Timing is of the essence when you want to cook juicy and tender ribs. If it’s your first time using a pellet grill for ribs, you might ask how will it take to cook ribs. Here’s what you need to know.
At What Temperature do you Cook Ribs on a Pellet Grill?
According to our experts, there is no standard time or temperature for cooking ribs on a pellet grill. The time and temperature vary based on the type and size of your rack of ribs. Note that the period it takes to cook your ribs also depends on the temperature you set on the pellet grill.
Cooking at 225 Degrees
This is the ideal temperature for cooking ribs. When the pellet grill temperature is set at 225°F, cook for 4 to 7 hours.
Also gauge the size of your rack of ribs. A large rack or more racks of ribs take a little longer. Our chefs say that cooking baby back ribs at 225°F can take about 4 to 5 hours while Spares or St. Louis cut ribs can take about 6 to 7 hours.
Cooking at 300 Degrees
It takes about 2½ to 3 hours to cook at 300°F. If your ribs are tightly wrapped with foil or any other covering, cook for 2½ hours at 300°F. If you’re not using a covering, cook for 3 hours.
Cooking at 350 Degrees
If you have preheated your pellet grill to 350°F, then cook your back ribs for 2 hours.
Cook for the first 1 hour, remove the ribs from the grill to add sauce and seasoning, and then return to the grill and cook for 1 more hour. However, if you have country-style ribs, our professional teams say they should cook for 20 to 30 minutes altogether.
Why Does it Take Long for Ribs to Cook on a Pellet Grill?
Ribs have more fat and connective tissues so they take a long time to cook on a pellet grill. When cooking ribs, the fat needs to be rendered and the connective tissues converted into edible gelatin. These processes take time and contribute to the long cooking time.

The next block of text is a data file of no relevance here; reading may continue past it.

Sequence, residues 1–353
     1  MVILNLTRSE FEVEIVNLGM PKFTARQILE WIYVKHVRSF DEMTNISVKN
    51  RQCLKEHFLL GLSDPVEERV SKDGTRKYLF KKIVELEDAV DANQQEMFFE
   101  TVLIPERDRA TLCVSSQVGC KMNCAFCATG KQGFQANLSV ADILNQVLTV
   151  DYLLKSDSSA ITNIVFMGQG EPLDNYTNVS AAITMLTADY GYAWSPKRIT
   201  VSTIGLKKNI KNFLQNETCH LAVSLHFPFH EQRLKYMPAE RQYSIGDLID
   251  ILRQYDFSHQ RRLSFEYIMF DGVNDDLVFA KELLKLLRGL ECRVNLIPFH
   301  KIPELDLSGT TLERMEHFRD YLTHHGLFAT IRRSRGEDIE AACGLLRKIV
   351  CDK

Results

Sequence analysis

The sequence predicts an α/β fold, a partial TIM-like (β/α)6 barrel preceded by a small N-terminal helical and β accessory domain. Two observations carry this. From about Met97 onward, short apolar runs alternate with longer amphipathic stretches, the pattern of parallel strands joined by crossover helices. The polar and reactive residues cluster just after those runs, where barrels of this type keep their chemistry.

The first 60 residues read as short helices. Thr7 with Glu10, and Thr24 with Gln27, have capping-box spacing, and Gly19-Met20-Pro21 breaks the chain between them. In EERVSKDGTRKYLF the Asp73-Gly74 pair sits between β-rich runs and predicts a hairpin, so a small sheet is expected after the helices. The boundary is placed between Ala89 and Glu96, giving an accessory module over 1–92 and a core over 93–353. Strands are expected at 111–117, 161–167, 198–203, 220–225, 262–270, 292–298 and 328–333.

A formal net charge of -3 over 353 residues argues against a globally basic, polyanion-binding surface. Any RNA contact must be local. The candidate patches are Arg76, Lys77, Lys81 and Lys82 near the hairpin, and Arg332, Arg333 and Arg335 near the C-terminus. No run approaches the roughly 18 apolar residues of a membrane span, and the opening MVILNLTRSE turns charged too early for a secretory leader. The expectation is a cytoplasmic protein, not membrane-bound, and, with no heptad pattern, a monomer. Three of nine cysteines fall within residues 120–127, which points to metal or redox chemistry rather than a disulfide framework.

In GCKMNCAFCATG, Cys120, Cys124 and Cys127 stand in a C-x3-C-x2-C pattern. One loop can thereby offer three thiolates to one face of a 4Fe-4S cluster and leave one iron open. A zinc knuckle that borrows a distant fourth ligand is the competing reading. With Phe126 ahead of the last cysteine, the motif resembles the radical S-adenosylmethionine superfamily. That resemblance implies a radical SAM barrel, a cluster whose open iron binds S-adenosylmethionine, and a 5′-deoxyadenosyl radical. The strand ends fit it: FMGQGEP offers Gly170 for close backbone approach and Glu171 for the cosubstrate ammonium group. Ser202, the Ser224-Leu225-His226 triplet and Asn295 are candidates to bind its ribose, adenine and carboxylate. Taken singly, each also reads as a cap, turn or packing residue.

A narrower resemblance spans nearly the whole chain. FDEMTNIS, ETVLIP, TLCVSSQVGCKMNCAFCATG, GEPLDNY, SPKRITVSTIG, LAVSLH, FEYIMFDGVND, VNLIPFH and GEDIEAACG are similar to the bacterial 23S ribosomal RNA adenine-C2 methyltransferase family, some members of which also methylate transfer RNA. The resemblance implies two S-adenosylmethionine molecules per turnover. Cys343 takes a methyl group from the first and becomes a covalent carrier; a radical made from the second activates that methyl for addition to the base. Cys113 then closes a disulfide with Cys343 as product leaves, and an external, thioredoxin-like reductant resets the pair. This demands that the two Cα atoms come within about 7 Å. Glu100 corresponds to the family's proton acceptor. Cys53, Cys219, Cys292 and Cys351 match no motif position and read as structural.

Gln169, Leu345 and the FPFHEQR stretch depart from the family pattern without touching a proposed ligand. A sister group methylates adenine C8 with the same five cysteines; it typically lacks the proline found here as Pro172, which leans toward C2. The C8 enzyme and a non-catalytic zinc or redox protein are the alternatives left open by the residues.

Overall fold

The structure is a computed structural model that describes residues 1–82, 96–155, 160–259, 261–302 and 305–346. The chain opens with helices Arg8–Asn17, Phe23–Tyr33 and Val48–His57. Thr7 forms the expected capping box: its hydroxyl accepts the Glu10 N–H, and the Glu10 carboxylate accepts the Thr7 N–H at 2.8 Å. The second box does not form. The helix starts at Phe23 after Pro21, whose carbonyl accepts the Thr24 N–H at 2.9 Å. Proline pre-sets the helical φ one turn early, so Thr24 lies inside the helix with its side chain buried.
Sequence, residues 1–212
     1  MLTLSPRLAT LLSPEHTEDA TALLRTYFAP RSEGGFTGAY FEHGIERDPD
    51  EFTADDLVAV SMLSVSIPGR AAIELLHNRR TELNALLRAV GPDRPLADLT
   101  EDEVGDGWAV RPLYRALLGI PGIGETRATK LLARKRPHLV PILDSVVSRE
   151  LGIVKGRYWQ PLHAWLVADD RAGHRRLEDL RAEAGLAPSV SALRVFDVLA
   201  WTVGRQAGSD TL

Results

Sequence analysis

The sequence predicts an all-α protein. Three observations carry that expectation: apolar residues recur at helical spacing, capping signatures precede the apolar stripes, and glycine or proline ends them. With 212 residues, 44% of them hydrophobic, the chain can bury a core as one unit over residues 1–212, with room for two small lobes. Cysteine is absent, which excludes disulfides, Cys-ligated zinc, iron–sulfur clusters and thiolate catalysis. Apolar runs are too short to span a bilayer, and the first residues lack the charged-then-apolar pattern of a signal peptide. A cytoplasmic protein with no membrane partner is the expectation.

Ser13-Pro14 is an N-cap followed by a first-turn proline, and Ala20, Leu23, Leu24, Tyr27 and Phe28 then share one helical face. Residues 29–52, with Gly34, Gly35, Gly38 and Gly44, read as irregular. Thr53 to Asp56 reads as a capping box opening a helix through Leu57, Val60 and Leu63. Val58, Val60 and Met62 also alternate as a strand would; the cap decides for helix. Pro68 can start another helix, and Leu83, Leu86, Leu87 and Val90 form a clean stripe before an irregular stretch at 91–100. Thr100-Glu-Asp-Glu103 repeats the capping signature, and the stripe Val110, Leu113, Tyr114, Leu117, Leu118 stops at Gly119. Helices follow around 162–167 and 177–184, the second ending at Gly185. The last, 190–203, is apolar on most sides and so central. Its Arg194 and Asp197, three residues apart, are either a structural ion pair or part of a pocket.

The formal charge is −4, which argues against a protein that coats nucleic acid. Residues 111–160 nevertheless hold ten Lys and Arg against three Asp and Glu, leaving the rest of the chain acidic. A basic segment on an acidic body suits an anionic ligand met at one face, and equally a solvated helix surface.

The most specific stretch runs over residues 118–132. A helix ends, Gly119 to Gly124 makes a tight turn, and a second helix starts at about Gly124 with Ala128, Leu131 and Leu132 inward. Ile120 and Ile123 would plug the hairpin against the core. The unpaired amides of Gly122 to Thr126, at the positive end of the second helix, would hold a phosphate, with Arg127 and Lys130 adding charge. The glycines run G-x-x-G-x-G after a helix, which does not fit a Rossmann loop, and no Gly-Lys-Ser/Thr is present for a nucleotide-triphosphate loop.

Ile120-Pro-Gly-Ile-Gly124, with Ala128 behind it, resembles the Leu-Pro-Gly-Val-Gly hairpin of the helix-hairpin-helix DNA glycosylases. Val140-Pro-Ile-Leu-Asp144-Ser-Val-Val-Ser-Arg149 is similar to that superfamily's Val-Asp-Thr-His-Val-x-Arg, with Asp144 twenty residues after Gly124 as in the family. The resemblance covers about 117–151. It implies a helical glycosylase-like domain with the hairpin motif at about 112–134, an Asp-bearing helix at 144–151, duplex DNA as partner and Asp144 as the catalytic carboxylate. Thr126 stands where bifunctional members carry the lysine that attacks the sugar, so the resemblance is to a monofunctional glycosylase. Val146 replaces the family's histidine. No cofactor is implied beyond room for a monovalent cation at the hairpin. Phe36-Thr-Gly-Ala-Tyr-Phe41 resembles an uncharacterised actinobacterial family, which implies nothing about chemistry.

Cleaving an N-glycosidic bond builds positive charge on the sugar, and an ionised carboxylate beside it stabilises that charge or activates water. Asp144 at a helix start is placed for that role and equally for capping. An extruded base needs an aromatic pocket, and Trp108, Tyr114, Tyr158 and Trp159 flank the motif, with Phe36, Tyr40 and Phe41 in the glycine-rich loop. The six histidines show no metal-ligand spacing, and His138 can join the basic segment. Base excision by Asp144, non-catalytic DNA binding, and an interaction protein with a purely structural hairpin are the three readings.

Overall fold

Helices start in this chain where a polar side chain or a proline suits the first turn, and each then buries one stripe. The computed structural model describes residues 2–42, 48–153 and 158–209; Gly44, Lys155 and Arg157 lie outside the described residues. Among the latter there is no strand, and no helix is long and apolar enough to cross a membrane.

Finding Out When the Ribs are Done
If ribs are undercooked, they might feel like a tough and dry slab of meat. That’s why our experts say it’s important to cook your ribs properly.
Typically, ribs are done when their internal temperature reaches 195°F. However, you can still find out when ribs are done by using the toothpick test, the bend test, the taste test, the peek test, the timing test, the visual test, or the twist test.
Rib Types Explained
There are several different types of ribs based on the part of the rib cage that they are gotten from.
Spare Rib Rack
Spare rib rack , also referred to as spares or side ribs, is probably the most popular type of rib. It is obtained from the further downside (underbelly) of the pig. Spare ribs extend towards the breastbone and connect to the sternum. They are straighter and flatter than baby back ribs.
Kansas City-Style Ribs
These ribs are very similar to St. Louis-style ribs. They are both spare ribs. However, St. Louis-style ribs no longer have the breastbone and cartilage, while Kansas City-style ribs have their cartilage left in place. These ribs are also thicker.
Pork Loin Back Ribs or “Baby Back Ribs”
Pork loin back ribs are obtained from the upper side of a pig’s back. They are directly attached to the pig’s backbone. They got the word “baby” because they are smaller than spares and the word “back” because they are connected to the pig’s backbone.
1. Do ribs become soft when they are cooked longer?
Yes, ribs become softer when they are cooked longer and become more tender and juicier. Normally, your ribs are done when their internal temperature hits 195°F+, soft enough to come right off the bone. However, if they are overcooked, they will become soft and mushy.
2. How do you sustain the moisture when smoking?
You sustain the moisture when smoking by wrapping your meat completely in foil or butcher paper. Other ways include basting, spritzing the meat, or keeping a water pan in your smoker.
How long does it take to cook ribs on a pellet grill? If you’re cooking at the ideal temperature of 225°F, you’ll be cooking for 4 to 7 hours and your ribs should be done when the internal temperature reads 195°F. Don’t forget to always consider the size and type of your ribs.